The US has not said whether the request will be granted or not. But I suspect it will, as this has always been its desire.


What are the implications of AFRICOM headquarters moving to Africa?


The implications are far-reaching.


We are in a multipolar world with China, US, Russia, India and France struggling to expand their spheres of influence. Just like China established its first overseas base in Djibouti, other foreign powers will likely follow the same direction, thereby making the continent a war zone.



Read more:
Why foreign countries are scrambling to set up bases in Africa



The United States military has intervened in many countries, thereby creating enemies. Examples are Iraq, Syria, Afghanistan, Libya and Mali. The relocation of AFRICOM headquarters to Africa will expose the continent to attacks from several fronts. Islamic fundamentalists might attack in ways perceived to inflict pain on US government and citizens. An example is the 1998 bombing of US embassies in Kenya and Tanzania. African countries could be caught in proxy wars between the US and its enemies.


African governments will tend to be influenced in decision-making. This can happen through application of hard and soft power instruments. This may lead to securitisation and militarisation of policy whereby scarce resources which should be directed to critical sectors may be diverted to military spending. The American large military industrial complex might lobby its government to create instability in Africa to enable them market its arsenals. We’ve seen this in Saudi Arabia and United Arab Emirates.


The establishment of a large American military institution on the continent may truncate Africa’s nascent democracies. It undermines the establishment and growth of civil society. It also creates avenues for military incursion in politics. The Command will involve military training and this can encourage coups.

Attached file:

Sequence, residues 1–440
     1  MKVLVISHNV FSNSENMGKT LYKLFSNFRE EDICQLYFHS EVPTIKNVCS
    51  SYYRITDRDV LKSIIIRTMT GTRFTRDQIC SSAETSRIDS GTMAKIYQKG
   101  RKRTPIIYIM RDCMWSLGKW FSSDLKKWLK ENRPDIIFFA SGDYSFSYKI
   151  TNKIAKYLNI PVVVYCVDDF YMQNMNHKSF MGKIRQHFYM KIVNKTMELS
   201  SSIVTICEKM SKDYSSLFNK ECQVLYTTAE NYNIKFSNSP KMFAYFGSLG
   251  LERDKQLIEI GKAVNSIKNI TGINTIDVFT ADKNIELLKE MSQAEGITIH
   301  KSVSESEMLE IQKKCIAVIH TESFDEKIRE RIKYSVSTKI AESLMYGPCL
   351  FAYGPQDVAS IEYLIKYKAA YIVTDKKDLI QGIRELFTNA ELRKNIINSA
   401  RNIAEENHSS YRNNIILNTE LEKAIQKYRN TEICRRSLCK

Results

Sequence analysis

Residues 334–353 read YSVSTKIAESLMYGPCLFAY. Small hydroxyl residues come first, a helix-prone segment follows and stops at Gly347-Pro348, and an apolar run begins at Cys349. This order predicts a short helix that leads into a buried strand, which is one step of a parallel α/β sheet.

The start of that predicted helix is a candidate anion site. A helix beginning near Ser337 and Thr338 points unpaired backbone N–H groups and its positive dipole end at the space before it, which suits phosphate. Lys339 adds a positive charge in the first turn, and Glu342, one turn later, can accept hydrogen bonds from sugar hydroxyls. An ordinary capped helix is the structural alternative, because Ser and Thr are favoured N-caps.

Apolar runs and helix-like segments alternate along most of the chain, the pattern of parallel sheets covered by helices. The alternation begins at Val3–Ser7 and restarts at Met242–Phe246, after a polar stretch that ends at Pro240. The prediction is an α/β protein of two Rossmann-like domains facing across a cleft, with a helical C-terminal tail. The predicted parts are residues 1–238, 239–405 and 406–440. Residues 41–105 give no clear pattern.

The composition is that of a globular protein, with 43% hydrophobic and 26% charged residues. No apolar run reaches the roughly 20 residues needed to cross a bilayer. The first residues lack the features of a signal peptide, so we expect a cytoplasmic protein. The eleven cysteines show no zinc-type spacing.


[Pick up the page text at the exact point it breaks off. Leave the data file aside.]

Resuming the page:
Read more:
Does US military training incubate coups in Africa? The jury is still out



Considering the growing security challenges in West and Central Africa, Gulf of Guinea, Lake Chad region and the Sahel, weighing heavily on Africa, is the relocation an answer to these challenges?


It will not ameliorate or eradicate insecurity bedevilling Africa. The present insecurity in Africa is the consequence of misrule, corruption and endemic poverty. Also, bad governance, gross marginalisation and political exclusion.


These cannot be resolved by mere relocation of a military institution to Africa. They are challenges caused by underdevelopment.


Insecurity causes are multifaceted, therefore, the solution lies in structural reformation of African society. The plural nature of African states demands structural reforms. Reforms that will entrench constitutionalism, the rule of law, and political inclusion.The Conversation


Kester Onor, Lecturer, Department of Political Science and International Relations, Covenant University


This article is republished from The Conversation under a Creative Commons license. Read the original article.


Greg Abolo

Blogger at The Oasis Reporters.